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Bing is Promoting Dangerous Online Pharmacies, Says New Study

Bing is Promoting Dangerous Online Pharmacies, Says New Study

According to a new study published by the American Enterprise Institute, the search engine Bing, which is operated by Microsoft, is encouraging web searchers to click to rogue online pharmacies that are more likely to sell counterfeit drugs. As the reports shows, Bing’s action appears to purposefully thwart safe personal importation of more affordable medicines. It is one of the clearest examples of censorship resulting from “voluntary agreements” among Internet companies, “encouraged” by regulators, that will threaten the health of patients buying medicine online under the guise of protecting them. Bing has placed warnings on its organic search results of safe Canadian-based and other international online pharmacies, yet the search engine fails to do so for many rogue websites, ones proven to sell counterfeit drugs. Here’s how that happened.

Bing’s problem is its use of the National Association of Boards of Pharmacy’s (NABP) Not Recommended List (NRL). Many of the NABP’s programs involving online sales of medicines and educating the public about online pharmacies are funded by drug companies, and therefore supportive of the industry’s profit-protecting goals against importation.

Bing’s Backwards Partnership with the NABP

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Bing’s New Online Pharmacy “Warnings” Are Misguided and Threaten Public Health

Last week, Bing announced a new effort to use its search engine to warn consumers about threats from “fake” online pharmacies. The big problem is that at least some of the online pharmacies they list are not fake, but represent very real, licensed pharmacies, ones that require valid prescriptions and have been safely helping Americans afford medication for years. We know this because these pharmacies have been carefully evaluated, inspected, and monitored by us at PharmacyChecker.com, and meet high standards of pharmacy practice. See our standards: http://www.pharmacychecker.com/verification_program_guide_and_standards_1_3.pdf.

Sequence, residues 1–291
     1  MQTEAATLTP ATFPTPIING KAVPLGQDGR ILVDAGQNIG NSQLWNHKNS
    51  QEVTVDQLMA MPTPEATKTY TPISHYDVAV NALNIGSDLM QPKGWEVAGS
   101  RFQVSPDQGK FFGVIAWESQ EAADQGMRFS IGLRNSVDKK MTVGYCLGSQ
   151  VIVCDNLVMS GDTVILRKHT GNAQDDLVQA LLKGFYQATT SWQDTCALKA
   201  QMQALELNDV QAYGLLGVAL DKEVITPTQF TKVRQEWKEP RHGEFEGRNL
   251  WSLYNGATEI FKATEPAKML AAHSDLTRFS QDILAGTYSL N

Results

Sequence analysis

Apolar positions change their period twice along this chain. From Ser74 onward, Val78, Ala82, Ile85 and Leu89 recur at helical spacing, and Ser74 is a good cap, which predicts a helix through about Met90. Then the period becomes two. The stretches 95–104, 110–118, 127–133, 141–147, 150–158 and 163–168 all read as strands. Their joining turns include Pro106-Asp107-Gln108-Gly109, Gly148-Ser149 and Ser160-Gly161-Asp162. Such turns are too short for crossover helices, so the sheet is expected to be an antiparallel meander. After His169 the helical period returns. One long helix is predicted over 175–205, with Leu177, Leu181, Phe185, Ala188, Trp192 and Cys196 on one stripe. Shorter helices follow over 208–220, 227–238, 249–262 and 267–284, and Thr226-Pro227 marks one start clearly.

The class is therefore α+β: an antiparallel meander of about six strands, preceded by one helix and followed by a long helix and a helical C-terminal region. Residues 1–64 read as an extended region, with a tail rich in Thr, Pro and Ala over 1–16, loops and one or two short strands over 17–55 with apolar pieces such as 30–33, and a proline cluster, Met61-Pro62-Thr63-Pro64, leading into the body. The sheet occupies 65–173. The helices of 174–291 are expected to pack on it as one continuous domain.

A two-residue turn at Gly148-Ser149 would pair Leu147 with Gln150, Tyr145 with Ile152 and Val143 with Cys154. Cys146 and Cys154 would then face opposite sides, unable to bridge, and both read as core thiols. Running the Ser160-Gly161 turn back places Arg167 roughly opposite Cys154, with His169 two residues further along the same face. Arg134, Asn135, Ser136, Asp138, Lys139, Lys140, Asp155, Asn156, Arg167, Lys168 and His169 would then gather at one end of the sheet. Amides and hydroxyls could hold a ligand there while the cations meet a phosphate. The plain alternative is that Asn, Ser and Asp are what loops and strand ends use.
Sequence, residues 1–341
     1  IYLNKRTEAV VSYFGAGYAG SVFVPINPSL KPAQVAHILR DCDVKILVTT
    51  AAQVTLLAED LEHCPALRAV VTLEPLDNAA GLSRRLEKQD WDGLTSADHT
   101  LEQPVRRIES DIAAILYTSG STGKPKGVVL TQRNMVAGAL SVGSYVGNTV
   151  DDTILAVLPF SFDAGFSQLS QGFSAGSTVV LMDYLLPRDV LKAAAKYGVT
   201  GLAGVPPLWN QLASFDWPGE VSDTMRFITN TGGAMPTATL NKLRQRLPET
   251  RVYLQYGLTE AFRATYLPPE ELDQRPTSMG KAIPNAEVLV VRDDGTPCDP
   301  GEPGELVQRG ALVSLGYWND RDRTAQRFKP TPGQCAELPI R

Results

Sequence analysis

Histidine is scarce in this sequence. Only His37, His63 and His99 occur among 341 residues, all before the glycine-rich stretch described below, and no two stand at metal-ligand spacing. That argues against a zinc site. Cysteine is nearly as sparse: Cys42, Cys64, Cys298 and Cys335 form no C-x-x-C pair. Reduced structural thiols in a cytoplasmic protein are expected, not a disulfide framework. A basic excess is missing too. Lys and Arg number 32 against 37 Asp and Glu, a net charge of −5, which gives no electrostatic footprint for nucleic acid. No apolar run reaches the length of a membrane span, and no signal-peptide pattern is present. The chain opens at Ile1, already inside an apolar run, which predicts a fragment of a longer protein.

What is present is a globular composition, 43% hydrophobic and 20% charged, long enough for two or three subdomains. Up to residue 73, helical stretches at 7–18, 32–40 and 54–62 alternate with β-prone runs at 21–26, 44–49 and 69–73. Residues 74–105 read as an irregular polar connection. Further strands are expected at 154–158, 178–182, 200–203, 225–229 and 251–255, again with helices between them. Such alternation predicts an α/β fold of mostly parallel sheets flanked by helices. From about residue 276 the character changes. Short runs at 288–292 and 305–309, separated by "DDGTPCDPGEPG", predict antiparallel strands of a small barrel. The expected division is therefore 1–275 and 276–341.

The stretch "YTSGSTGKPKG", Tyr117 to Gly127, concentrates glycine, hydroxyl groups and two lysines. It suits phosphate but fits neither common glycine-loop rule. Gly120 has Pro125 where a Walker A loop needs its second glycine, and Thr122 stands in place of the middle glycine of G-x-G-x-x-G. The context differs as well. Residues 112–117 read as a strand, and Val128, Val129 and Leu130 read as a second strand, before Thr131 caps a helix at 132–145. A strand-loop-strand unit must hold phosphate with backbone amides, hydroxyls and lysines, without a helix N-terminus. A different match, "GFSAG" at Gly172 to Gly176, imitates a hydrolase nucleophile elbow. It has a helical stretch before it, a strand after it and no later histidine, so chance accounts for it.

The online pharmacies targeted by Bing, which are approved in our program, are all located outside the U.S. Curtailing online access to lower cost and safe foreign medication using scare tactics is a strategy employed by the pharmaceutical industry. Indeed, Bing’s action seems to have a lot to do with stopping safe personal drug importation and will recklessly alarm Americans so they don’t buy more affordable medication from other countries.

Here is the warning which appears when a consumer’s Bing search results include links to one of these online pharmacies and they try to click on the link to that online pharmacy:

FDA Online Pharmacy Warning

To choose the pharmacies it targets, Bing is relying on a list of online pharmacies which have received warning letters from the FDA. But, in at least several cases, these warning letters, which you can find on the FDA’s website, do not indicate a pharmacy to be fake, nor do they pertain to sales of counterfeit or adulterated medications, nor to any problems with the pharmacy meeting good standards of practice. Instead they relate to 1) sales of lawfully manufactured generic versions of drugs that are still on patent in the U.S., and 2) medications that are approved in Canada but not in the U.S. We will examine each of these letters fully over the next week, but our initial review indicates that these issues have been addressed by the online pharmacies in our Verification Program that received the letters.